This course offers a conceptual framework for understanding China that highlights the intersection of politics and economics. It shows that rather than develop into a full blown market economy, state and party officials at all levels of the political system maintain significant influence in economic development. Such a “political” economy has had both positive and negative outcomes, which we will assess in detail. We also look at the origins, views, backgrounds and relations among leaders, and how those leaders make decisions about public policy and try to get those decisions implemented down through the system. China has few formal institutions through which citizens can participate in politics, but we will study the strategies Chinese people use to try to influence their leaders’ decisions. Finally, we assess China’s future and whether rapid economic development and the emergence of a vibrant middle class will push China towards greater democracy or whether the single party system is likely to survive into the future. The course is a quite useful background for Chinese Politics Part 2 – China and the World.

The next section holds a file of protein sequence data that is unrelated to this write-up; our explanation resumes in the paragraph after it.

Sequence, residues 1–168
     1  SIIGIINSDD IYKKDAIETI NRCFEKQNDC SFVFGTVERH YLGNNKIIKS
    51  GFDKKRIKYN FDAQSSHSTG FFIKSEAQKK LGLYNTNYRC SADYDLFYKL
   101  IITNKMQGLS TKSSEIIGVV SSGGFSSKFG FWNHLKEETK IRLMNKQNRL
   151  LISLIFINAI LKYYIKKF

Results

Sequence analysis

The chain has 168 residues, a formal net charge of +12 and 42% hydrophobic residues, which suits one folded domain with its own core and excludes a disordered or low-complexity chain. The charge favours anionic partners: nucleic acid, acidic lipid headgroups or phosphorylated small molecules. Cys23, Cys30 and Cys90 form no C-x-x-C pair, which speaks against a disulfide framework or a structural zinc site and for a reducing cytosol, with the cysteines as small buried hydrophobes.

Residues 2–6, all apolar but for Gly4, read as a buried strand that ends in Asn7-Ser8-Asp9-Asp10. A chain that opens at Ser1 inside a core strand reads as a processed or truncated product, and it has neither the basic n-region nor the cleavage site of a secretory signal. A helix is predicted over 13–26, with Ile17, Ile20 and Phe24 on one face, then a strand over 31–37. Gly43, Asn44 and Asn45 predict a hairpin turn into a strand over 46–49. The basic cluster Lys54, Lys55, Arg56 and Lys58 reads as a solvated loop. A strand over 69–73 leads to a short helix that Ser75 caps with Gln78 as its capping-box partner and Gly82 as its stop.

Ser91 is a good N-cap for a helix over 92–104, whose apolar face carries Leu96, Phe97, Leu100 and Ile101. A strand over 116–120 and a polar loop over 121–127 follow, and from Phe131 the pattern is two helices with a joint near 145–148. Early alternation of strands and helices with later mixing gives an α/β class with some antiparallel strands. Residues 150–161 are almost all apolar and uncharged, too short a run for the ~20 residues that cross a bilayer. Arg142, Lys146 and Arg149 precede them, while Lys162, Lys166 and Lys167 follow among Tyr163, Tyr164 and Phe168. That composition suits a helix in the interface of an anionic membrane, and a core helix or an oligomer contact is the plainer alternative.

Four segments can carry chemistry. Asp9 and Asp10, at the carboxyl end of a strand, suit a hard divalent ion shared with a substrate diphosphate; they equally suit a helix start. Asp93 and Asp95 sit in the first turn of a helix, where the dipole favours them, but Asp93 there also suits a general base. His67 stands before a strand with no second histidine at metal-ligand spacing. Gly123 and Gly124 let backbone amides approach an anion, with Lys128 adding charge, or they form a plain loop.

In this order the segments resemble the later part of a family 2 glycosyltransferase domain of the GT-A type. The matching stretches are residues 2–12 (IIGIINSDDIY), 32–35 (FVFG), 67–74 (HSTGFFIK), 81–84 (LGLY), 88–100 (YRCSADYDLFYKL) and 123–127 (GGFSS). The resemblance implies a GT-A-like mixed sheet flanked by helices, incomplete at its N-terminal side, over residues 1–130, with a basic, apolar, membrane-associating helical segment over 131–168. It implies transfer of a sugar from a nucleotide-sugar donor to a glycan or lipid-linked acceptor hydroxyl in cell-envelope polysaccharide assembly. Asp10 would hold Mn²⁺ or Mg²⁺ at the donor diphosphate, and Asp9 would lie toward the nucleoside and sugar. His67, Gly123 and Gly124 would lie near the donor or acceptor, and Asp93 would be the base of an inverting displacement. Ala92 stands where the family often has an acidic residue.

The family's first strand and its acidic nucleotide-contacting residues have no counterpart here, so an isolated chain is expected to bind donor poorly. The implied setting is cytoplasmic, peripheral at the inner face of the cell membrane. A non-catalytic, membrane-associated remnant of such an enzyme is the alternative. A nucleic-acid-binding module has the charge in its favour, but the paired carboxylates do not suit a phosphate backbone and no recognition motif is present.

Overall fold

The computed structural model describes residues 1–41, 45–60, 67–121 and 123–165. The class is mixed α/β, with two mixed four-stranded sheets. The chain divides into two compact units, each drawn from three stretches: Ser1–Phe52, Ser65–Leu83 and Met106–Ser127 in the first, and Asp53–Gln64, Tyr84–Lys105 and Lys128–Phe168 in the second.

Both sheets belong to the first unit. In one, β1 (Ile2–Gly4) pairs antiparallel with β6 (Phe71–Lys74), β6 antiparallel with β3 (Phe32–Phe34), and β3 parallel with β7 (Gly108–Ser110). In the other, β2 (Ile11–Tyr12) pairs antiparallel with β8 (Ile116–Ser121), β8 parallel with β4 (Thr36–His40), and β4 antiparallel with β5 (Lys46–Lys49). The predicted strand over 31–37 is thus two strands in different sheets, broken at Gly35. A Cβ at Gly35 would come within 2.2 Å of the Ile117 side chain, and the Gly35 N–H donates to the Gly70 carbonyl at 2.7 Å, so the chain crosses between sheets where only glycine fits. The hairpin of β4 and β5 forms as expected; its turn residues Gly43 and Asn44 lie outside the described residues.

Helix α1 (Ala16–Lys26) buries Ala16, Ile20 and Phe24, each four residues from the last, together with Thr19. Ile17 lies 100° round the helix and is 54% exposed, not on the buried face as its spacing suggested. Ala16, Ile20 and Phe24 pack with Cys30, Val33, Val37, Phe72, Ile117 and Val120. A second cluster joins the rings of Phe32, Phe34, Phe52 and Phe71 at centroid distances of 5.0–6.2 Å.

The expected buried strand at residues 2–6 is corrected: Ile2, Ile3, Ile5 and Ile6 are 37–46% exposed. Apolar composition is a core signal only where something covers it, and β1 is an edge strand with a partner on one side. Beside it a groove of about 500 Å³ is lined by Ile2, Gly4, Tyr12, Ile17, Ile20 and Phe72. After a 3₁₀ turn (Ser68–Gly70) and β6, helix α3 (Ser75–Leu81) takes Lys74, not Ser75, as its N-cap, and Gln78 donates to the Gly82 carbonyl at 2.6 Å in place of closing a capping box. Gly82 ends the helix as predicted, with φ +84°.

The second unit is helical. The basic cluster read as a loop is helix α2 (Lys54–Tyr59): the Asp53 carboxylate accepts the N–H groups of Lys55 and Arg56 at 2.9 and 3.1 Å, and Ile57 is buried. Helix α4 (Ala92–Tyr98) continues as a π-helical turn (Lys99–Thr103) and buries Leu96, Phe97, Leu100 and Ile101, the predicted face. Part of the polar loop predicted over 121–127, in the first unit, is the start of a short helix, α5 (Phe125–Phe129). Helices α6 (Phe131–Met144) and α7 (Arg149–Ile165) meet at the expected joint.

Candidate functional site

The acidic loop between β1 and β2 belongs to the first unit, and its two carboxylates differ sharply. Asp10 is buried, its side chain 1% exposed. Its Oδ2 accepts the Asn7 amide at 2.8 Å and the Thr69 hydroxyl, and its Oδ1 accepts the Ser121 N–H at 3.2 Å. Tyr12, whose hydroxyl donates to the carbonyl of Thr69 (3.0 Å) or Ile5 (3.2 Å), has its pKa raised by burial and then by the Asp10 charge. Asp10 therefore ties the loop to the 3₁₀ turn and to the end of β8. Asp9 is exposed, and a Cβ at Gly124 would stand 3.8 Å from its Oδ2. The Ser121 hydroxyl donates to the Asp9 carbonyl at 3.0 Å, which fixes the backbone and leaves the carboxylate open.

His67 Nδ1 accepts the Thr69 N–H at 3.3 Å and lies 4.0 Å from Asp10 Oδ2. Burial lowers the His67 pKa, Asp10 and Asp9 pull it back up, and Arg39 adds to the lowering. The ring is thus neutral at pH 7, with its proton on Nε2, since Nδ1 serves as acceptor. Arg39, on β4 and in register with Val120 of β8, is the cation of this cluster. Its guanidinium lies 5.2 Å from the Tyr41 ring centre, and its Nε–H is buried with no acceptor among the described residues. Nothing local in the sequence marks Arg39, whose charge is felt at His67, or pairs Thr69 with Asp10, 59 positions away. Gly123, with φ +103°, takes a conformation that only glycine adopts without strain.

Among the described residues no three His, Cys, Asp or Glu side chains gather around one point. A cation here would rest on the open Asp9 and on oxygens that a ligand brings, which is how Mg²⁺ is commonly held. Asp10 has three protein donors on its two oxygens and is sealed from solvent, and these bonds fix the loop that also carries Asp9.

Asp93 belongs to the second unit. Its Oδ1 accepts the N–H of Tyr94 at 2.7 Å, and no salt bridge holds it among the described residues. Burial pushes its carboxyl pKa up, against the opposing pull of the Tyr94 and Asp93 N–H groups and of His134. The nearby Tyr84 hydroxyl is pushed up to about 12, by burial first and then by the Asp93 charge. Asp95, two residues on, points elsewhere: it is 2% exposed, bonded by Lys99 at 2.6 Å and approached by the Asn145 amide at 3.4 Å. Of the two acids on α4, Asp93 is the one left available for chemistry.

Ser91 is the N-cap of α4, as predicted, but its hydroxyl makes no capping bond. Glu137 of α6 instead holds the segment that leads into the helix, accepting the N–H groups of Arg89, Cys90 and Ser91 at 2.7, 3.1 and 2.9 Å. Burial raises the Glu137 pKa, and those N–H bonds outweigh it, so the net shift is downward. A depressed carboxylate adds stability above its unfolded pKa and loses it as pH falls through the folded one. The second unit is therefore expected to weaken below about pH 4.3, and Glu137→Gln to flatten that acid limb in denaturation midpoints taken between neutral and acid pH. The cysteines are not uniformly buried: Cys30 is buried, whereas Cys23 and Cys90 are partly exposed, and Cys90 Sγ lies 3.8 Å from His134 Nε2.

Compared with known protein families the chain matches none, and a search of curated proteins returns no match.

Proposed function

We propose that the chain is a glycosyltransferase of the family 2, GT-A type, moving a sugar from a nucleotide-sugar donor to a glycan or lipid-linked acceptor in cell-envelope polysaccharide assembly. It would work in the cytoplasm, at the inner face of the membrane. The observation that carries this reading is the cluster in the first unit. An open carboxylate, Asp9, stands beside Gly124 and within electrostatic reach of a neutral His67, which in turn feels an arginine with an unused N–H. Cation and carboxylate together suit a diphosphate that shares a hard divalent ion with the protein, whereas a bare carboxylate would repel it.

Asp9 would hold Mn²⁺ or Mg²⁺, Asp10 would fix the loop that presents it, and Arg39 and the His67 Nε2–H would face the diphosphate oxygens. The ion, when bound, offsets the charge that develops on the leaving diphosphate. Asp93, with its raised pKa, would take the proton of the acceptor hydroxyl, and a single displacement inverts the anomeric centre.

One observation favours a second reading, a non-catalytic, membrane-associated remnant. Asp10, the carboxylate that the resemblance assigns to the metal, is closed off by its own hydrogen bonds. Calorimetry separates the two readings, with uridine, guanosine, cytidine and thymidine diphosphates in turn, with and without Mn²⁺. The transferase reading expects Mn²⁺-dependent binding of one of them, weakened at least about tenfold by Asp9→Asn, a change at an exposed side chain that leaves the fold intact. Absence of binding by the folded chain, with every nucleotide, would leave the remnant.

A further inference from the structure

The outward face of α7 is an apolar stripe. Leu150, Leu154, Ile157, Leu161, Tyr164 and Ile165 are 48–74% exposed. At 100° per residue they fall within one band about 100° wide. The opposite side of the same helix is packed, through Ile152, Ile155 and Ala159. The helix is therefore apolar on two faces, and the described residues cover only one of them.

Chinese Politics Part 1 – China and Political ScienceThe Hong Kong University of Science and Technology
About this Course
The Hong Kong University of Science and Technology
HKUST - A dynamic, international research university, in relentless pursuit of excellence, leading the advance of science and technology, and educating the new generation of front-runners for Asia and the world.
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TOP REVIEWS FROM CHINESE POLITICS PART 1 – CHINA AND POLITICAL SCIENCE
Excellent course for anyone interested remotely in China studies. This course covers topics from Chinese policymaking to Chinese economy, Chinese trade policies and China's rural democracy
Really good programme so far, very clear and structured input from a knowledgeable expert, who is nonetheless able to make the topics covered accessible. Tests are a bit tricky though!
Fascinating and informative course. If I had to change something, I found that too often the questions often focused on details rather then understanding the material and themes.
Both enjoyable and informative. It is exactly the sort of crash course in Chinese politics I was looking for and I have been inspired to take my learning on the subject further
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